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Stellé Audio Pillar Review

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The Stellé Pillar is from a range which contains some exceptionally twee concepts – a pair of speakers disguised as some kind of handbag, for example – so you can imagine my pleasure when the Pillar arrived, a brushed chrome cylinder that didn’t add a feminine touch to my workspace. It’s clearly been designed to look good alongside Apple products, but the ambiguity of its understated design means it pretty much looks good anywhere.

It’s good to see a Bluetooth speaker with a bit of muscle behind it – both in size and audio playback – whilst the Pillar is stylish and certainly not as hefty as my usual studio monitor setup, it’s got some solid weight and presence to it. The 1.5” drivers, paired with a surprisingly potent 3” subwoofer, chuck out a decent amount of noise with startling clarity. It’s not necessarily 100% on form all the time, and the bass response isn’t quite as meaty as it could be, but overall it handles a wide range of musical genres with ease. It’s elegant and effortless, and a joy to use.


I genuinely wasn’t expecting very much from the Pillar – after all, the last speaker I had to review was the phenomenal Libratone Loop, which pretty much redefines what you come to expect from audio products entirely – but the Pillar genuinely took me by surprise. The compact, elegant design contains a punchy 2.1 speaker system capable of plenty of volume, and it’s easy as hell to move about thanks to the internal battery. The build quality is excellent, too – the brushed aluminum exterior feels solid and the buttons are set firmly into the top of the pillar. It feels like it could survive a knock or two, but still lightweight enough to be portable. A high contrast to my mini studio monitors that could probably knock out a small child if he pulled them off my desk.


The Pillar thankfully does away with Apple’s unpredictable AirPlay functionality and opts for Bluetooth connectivity instead, and this was as simple as finding the Pillar on my phone and pressing a button. It even has a built in microphone for hands free phonecalls, which is a lovely touch – someone called me whilst I was putting the Pillar through its paces and I was able to answer the call with the speaker, which was awesome. There’s no loss of quality, and when you’re done, you can go straight back to whatever you were listening to in the first place.


What really impressed me is the Pillar’s rechargeable battery. It boasts up to a fifteen hour life at a full charge and for the sound quality/volume on offer, that’s impressive. Whilst obviously much larger than some of its more portable, tinnier counterparts, it’s still easy to carry about by hand or in a bag – perfect for barbecues, picnics, and your general outdoor excursions. While I’ve never had any reason to run the battery dry, it provided six uninterrupted hours of playback at a decent volume, both Bluetooth and standard headphone jack, outdoors – and the circular design spreads it out evenly. Obviously you’re going to see a lot of lost volume potential and acoustic differences when you take any speaker outdoors – but the Pillar does the job nicely, even if it does suffer a little in terms of bass response. Treble and mid are both fine, but the subwoofer leaves a little to be desired, only muddying up the rest of the sound at higher volumes.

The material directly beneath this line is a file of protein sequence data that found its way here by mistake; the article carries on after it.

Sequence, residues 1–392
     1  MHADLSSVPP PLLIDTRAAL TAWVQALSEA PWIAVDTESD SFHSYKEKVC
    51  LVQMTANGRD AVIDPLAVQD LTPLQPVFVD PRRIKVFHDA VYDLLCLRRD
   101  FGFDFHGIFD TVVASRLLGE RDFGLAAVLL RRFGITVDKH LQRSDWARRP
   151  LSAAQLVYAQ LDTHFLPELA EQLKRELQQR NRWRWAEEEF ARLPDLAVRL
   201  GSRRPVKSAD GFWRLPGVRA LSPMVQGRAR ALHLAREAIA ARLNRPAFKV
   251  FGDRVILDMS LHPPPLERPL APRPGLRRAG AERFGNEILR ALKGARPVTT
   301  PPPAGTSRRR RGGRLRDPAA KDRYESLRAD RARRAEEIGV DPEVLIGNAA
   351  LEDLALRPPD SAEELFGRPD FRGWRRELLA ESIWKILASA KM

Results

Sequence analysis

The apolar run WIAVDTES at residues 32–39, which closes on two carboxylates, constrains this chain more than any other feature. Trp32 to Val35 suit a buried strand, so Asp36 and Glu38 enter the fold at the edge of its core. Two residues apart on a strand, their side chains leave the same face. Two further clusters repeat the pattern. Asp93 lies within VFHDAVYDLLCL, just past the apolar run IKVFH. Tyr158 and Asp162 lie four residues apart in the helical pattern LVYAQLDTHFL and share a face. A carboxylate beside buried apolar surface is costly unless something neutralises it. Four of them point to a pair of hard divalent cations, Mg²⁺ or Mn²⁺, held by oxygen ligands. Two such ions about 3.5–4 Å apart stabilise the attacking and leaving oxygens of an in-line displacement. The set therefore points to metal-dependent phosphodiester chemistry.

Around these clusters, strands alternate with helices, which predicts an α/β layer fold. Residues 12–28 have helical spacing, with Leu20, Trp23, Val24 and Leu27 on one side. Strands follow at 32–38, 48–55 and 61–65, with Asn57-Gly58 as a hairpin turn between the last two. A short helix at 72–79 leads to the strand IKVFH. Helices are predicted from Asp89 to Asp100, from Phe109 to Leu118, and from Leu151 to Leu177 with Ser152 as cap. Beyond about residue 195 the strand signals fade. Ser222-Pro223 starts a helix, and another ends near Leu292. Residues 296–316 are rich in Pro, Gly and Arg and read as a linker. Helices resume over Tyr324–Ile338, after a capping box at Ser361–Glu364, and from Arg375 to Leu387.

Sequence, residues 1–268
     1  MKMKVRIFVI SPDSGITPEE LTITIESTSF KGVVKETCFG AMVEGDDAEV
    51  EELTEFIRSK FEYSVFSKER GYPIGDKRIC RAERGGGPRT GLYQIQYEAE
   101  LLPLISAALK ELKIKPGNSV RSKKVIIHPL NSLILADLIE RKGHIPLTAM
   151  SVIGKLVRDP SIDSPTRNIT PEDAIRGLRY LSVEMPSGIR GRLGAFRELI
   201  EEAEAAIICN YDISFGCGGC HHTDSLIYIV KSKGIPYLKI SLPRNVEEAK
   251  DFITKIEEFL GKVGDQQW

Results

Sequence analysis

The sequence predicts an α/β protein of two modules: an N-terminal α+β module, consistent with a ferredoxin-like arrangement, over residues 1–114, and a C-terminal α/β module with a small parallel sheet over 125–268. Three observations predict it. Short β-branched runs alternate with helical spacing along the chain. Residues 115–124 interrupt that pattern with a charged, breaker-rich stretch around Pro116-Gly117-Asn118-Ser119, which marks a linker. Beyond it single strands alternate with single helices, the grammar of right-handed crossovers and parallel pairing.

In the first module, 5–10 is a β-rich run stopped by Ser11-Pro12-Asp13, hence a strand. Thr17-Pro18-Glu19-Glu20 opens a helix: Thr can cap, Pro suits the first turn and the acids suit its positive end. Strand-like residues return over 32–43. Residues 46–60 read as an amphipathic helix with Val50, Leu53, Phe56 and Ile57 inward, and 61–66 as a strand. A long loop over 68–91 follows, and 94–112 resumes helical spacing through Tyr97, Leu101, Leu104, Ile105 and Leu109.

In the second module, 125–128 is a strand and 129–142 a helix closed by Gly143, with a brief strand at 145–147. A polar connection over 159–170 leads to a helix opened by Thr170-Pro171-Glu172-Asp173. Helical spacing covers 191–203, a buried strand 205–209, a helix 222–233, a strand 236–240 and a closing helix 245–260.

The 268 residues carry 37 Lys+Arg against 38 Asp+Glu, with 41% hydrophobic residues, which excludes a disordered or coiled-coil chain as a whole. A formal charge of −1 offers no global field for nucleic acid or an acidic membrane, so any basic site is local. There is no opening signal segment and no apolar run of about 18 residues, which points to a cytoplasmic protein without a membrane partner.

Overall it’s a solid speaker, with only a few minor gripes leaving it short of a perfect score. If you’re using Bluetooth the volume occasionally variates with no input, becoming either too quiet or much too loud on an irregular basis. While it doesn’t happen often enough to put a dampener on the Pillar as a whole, it’s still frequent enough to be a little bit annoying. With a jack connection this problem evaporates – but that’s not necessarily what you buy a wireless speaker for.

The Pillar shines with music playback, and hits a sort of middling average with everything else. The slightly muddy bass, though never distorted, doesn’t allow games or movies to have as much impact as they should. It can sound a tiny bit like listening to an explosion in a tin. If you’re looking for an all-round audio solution, you can get better quality audio for less (or supreme quality for a little bit more), albeit in less convenient, shiny packages. What you’re really paying for here is a decent 2.1 speaker set in a well-built designer container, something technically above average but visually excellent.


In summary, if you’re looking for a sleek and elegant music solution that can go anywhere with you and won’t break the bank, this might just be it, but for everything else (Gaming, movies, TV) there are better ways to spend your money. Despite the fancy and tiny bit pretentious “Audio Couture” label, this is genuinely a very good piece of kit that would fit anywhere in the home or otherwise – and at £249, it’s not going to bankrupt you, either. Winners all round.

Tech Information

Your new 2.1 stereo system includes proprietary (1.5”) acoustic drivers (stereo pair) and a 3″ subwoofer, a universal power supply 100-240V AC, 50-60Hz, built-in microphone for Speakerphone capabilities and a Bluetooth® wireless range of up to 50 feet.

Product Dimensions 4.5 x 4.5 x 12 inches
Product Weight 3 lb.
Shipping Weight 5.15 lb.

*15 hours of continuous play between charges at nominal volume


Disclaimer:All scores given within our reviews are based on the artist’s personal opinion; this should in no way impede your decision to purchase the game.

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